Do you allow distractions to keep you from writing? Oh, I hate to admit it, but I’m guilty! However, there’s hope for overcoming hindrances to productivity. Give some thought to author Stephanie Prichard’s encouraging tips and consider starting your own Angst Project. ~ Dawn
The Angst Project
My book club is reading The Happiness Project, in which the author journals her month-by-month progress in nailing down attitudes and habits that will give her a better appreciation for the happiness she already has. You know, a beautiful house … but it’s cluttered. A wonderful husband … but she nags him. Good health … but she’s always tired. And so on.
I’m only a few chapters in, but I’m salivating over her to-do lists and am tempted to carbon copy her journey. My book club mates, however, are muttering vague, disparaging remarks, and their chins are drool dry. Since I’m not as far along in the book as they are, I figure either the author goes where no sane woman would dare to go, or my mates simply aren’t devout to-do-listers. Whatever, I know better than to get caught up. I’m a good beginner but a poor continuer. Every month I throw away my to-do list and start over.
Nevertheless, I like the concept of dealing with obstacles that are … well, foolish. Foolish that they’re hindrances, foolish that I allow them, foolish that they even exist in the first place. In particular, I’m thinking of why I let myself get distracted from writing. Last week I had two whole days—TWO WHOLE DAYS!—free to write, with no one and nothing to divert my attention. And what did I do? Yep, wasted time with distractions.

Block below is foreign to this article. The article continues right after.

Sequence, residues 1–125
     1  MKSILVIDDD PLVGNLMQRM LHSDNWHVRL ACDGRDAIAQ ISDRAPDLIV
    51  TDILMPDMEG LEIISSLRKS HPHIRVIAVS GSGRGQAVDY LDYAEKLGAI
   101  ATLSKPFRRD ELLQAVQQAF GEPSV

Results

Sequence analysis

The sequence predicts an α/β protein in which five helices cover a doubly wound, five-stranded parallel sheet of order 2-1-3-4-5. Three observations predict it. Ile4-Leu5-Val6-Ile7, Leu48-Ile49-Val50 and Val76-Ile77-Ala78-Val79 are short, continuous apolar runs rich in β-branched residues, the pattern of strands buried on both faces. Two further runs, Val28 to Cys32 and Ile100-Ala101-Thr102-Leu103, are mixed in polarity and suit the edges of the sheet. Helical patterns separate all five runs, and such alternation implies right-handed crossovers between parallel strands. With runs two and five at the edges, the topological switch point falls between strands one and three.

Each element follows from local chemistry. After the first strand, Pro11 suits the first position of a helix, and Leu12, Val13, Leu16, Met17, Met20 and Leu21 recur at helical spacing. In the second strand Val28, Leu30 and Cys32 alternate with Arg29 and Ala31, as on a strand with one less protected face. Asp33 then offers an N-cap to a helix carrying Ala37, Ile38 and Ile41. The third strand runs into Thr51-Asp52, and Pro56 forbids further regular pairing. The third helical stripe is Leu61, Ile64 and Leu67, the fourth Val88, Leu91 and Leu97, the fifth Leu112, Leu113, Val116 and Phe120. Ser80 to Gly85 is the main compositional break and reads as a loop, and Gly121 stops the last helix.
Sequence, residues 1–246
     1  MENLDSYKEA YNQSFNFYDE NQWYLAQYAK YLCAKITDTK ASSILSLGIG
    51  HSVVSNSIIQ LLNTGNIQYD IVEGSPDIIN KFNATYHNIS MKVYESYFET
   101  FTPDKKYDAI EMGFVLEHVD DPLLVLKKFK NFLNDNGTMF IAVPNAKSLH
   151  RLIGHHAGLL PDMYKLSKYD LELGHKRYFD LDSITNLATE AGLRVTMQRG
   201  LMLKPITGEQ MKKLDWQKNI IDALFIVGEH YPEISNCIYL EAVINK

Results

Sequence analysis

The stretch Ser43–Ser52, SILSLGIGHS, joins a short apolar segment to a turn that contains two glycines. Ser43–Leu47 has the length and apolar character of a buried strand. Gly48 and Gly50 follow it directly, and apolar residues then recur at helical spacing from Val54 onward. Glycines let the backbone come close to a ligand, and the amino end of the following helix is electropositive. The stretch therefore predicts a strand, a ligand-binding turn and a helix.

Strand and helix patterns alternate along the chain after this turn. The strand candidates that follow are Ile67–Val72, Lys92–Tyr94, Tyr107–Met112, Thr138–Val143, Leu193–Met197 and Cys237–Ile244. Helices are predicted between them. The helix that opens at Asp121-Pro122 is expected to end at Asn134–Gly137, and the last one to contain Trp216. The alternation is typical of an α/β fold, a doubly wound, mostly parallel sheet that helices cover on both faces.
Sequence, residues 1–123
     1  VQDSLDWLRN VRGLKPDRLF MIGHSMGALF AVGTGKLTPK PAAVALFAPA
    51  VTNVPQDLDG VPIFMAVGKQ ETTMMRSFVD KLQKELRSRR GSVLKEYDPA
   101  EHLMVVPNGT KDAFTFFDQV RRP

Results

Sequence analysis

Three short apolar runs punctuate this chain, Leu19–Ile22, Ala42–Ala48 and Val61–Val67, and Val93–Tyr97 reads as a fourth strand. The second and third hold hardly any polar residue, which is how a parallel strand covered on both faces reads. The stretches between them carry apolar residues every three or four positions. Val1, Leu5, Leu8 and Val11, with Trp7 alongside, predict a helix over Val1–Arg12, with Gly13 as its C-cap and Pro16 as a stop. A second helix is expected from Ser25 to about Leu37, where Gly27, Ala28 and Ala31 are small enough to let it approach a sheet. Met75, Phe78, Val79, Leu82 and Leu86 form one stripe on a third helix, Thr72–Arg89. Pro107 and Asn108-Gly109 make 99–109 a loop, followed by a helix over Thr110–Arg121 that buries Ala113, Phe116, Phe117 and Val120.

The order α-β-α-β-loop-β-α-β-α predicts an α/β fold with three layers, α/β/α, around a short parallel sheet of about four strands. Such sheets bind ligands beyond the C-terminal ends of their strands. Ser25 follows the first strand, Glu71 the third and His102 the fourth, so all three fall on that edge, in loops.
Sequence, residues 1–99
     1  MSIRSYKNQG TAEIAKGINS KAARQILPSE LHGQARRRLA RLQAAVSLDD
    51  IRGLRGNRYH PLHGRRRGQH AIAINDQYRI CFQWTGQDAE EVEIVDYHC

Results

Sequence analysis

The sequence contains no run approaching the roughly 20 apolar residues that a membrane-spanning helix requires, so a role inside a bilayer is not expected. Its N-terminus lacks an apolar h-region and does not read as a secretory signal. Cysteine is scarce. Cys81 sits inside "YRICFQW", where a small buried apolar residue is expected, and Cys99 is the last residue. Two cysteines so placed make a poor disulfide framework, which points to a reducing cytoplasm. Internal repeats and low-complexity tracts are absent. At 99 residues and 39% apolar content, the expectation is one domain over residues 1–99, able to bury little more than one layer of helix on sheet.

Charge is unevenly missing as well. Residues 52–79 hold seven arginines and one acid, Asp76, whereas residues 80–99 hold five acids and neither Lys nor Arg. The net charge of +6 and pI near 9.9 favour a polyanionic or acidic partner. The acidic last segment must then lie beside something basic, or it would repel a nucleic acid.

So I did a bit of analysis and came up with the fact that I let myself get distracted because I’m anxious. Is my writing good enough? Will I show not tell? Get the scene goal expressed? Tilt the tension up? Draw the reader in? Avoid my fave expressions? Get my MRUs straight? Reach a dark moment? Remember to have a sequel?
The more I learn about writing, the more my angst increases.
Remember when writing used to be fun?
But I can’t go back. I don’t want to go back. I actually do love making progress, painful as it is.
So I’ve started my own little project. The Angst Project. What attitudes and actions will help reduce my anxiety and up my productivity? So far I’ve come up with five.
3. Feel free to jump back and forth between projects.
4. If a project starts to roll, go for it!
5. Have a planned, profitable distraction ready to go (laundry, a few bills to write, a sink full of dirty dishes—something good that needs to get done, but that I’m glad to set aside as soon as I can).
So, I’m curious … do you know what causes you angst? And what to do about it?
All Marine Corps reservist Jake Chalmers wants is to give his dying wife a last, romantic cruise to the Philippines. Unable to save her in a mass murder aboard ship, he washes ashore a jungle island, where he discovers three other survivors. Heartbroken that he failed to save his wife, he is determined not to fail these helpless castaways.
Federal prosecutor Eve Eriksson rescues a young girl and her elderly great-aunt from the same ship. They badly need Jake's survival skills, but why is he so maddeningly careful? She needs to hurry home to nail a significant career trial. And, please, before Jake learns her secret that she's responsible for his wife's death.
Stranded: A Novel is available for only $2.99 at http://www.amazon.com/dp/B00OQGJBUY
Stephanie is an army brat who lived in many countries around the world and loved it. She met her husband at Drake University in Des Moines, Iowa, where she majored in English/Literature. She and Don have lived in Indianapolis, IN, for forty years, and in retirement have turned to co-authoring novels now that their three children are busy raising a beautiful crop of grandchildren for them.
You can learn more and connect with Stephanie here:
Blog & newsletter sign-up http://donandstephanieprichard.wordpress.com
Pictures for Stranded: A Novel www.pinterest.com/stephprichard
Facebook author page www.facebook.com/4u2read